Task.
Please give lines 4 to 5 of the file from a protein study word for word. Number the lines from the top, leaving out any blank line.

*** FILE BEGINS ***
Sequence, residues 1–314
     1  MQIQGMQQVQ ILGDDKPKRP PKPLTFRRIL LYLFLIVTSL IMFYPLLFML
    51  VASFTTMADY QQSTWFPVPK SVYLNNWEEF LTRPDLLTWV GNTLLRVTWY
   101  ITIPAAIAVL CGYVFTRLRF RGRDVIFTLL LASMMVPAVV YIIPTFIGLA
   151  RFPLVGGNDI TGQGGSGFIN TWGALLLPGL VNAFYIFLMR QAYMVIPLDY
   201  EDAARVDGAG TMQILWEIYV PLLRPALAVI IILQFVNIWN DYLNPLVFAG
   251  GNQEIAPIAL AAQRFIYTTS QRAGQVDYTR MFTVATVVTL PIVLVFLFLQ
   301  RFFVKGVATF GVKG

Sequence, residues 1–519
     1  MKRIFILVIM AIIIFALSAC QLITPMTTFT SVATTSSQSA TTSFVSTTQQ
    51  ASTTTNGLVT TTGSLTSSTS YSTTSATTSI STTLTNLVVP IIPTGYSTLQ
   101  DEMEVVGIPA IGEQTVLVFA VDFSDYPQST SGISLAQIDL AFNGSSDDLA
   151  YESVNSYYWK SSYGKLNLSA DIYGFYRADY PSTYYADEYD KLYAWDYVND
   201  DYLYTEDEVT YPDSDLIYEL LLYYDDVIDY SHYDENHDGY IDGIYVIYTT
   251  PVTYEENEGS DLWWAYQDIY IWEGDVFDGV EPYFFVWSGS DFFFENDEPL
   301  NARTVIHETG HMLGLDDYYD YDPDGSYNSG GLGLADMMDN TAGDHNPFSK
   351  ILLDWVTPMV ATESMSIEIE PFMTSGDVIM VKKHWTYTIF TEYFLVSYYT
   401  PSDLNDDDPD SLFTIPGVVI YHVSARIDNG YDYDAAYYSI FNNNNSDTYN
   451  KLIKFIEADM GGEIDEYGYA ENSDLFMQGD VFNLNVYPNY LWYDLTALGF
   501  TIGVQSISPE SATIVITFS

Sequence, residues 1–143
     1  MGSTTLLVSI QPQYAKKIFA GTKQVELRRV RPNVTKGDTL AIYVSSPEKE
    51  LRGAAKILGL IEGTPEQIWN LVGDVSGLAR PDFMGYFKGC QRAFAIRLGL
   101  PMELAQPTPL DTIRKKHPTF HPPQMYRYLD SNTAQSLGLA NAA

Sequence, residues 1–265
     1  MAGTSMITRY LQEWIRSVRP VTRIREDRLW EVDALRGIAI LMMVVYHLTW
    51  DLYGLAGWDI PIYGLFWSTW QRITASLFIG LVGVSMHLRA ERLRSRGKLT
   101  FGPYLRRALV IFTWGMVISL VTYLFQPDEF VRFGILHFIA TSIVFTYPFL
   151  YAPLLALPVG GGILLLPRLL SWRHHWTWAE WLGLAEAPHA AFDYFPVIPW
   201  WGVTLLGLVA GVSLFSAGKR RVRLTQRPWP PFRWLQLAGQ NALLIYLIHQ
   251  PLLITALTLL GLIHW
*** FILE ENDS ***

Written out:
   101  ITIPAAIAVL CGYVFTRLRF RGRDVIFTLL LASMMVPAVV YIIPTFIGLA
   151  RFPLVGGNDI TGQGGSGFIN TWGALLLPGL VNAFYIFLMR QAYMVIPLDY